MAC- Can you use these techniques with simple things like a sales presentation? Can you do it with other topics around jobs? What are some examples of ways you can create more impact?
MARTIN- Impact is not something that's just a preserve of the privileged few, it's something that ordinary people can use. In fact, I've used a technique in that sentence called alliteration, and it was also a triple, there were three words that I used that started with P. Now I didn't know you were going to ask me that question, but I was able to weave that into an answer to demonstrate what I'm talking about. It’s easy to take these tools and techniques that top communicators in the world use and integrate them into your style of communication once you know how. You will be able to convince, influence, motivate other people. Which is another technique called the triple, I used three describing words, convince, influence, and motivate. Once you understand the tools and techniques, you find everyday ways of being able to, to pop them into place, to utilize them and then take the results that come from them.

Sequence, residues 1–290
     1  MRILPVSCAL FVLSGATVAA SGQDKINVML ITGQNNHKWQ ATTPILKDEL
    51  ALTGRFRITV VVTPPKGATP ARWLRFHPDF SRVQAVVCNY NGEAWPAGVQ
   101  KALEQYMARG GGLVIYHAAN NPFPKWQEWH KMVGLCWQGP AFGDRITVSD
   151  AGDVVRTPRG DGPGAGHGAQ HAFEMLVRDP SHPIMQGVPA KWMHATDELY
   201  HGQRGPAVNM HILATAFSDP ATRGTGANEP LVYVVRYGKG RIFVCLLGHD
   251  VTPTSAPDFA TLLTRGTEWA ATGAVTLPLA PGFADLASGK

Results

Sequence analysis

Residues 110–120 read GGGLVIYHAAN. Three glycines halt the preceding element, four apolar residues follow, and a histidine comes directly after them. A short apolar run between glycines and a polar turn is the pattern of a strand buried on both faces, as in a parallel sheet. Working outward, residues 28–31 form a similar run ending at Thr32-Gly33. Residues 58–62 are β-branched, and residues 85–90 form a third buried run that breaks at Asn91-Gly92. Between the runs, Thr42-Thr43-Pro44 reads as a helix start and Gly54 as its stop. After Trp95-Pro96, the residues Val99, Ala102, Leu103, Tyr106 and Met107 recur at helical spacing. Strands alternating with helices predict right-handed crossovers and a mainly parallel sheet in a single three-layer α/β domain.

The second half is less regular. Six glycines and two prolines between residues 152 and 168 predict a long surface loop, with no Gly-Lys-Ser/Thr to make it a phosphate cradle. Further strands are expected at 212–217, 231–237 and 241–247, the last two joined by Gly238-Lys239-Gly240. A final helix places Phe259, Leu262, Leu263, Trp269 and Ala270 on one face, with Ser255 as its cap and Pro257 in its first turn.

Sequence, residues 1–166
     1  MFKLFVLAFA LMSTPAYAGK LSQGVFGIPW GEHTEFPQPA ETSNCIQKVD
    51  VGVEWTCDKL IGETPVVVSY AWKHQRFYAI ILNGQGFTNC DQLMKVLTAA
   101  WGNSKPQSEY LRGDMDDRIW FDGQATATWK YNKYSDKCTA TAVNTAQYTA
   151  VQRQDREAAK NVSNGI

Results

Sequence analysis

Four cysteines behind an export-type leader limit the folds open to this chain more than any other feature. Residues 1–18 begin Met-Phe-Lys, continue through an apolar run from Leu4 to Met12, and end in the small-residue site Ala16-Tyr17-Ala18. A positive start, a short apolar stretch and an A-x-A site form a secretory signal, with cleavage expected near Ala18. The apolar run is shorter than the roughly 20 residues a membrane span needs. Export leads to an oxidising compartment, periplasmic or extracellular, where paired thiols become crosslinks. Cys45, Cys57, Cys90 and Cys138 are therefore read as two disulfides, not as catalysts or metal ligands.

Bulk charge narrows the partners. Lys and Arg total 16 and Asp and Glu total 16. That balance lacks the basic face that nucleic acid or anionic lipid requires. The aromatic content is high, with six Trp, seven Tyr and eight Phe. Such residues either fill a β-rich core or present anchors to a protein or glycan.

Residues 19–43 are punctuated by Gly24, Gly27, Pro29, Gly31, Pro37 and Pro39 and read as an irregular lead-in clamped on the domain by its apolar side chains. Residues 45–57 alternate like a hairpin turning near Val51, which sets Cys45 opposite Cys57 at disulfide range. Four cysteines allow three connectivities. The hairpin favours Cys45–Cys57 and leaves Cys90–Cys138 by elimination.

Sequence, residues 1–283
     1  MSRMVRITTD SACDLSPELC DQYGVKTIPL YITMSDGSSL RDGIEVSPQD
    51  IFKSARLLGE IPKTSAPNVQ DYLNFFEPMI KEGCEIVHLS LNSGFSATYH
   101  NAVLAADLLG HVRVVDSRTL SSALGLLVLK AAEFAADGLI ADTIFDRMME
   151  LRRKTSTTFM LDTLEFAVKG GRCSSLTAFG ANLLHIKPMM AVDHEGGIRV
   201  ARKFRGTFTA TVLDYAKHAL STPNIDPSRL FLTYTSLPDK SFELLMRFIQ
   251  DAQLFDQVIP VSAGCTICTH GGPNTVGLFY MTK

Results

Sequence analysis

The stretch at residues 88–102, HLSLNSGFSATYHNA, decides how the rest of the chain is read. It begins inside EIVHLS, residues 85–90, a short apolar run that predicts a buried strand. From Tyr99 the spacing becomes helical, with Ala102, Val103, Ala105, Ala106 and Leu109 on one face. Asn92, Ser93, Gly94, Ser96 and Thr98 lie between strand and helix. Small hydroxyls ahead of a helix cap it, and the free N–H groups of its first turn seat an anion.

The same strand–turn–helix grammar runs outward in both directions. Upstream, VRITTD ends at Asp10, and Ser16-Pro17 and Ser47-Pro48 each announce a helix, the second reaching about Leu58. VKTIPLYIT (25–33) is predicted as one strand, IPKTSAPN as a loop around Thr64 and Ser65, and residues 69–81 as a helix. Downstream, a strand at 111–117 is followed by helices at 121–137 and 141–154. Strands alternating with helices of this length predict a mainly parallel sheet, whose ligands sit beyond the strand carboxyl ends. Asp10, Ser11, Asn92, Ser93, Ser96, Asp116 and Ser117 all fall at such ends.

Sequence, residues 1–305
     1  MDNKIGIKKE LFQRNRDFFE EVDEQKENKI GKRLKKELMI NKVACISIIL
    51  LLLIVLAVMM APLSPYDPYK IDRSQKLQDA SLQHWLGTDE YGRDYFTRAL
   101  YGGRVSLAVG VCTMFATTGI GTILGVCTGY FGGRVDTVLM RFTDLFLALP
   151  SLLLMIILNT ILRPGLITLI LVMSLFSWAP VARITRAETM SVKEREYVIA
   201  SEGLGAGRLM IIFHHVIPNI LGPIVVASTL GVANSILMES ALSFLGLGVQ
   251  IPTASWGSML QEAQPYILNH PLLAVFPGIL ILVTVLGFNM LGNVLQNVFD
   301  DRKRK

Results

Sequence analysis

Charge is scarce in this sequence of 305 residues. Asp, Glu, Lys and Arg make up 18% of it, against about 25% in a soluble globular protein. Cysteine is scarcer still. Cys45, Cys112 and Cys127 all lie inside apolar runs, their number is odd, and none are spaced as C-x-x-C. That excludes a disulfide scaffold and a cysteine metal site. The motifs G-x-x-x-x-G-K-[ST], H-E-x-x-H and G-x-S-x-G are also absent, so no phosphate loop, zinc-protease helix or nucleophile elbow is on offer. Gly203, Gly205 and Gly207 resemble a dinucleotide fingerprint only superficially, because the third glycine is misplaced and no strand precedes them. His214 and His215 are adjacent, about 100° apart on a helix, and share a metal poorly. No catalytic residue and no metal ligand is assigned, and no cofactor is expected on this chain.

MAC- How can you be impactful without coming across too aggressive, particularly if your role is not naturally a leadership role where you're looked to, to create that impact. How can you still be impactful and take advantage of these skills and tools, but not ruffle feathers?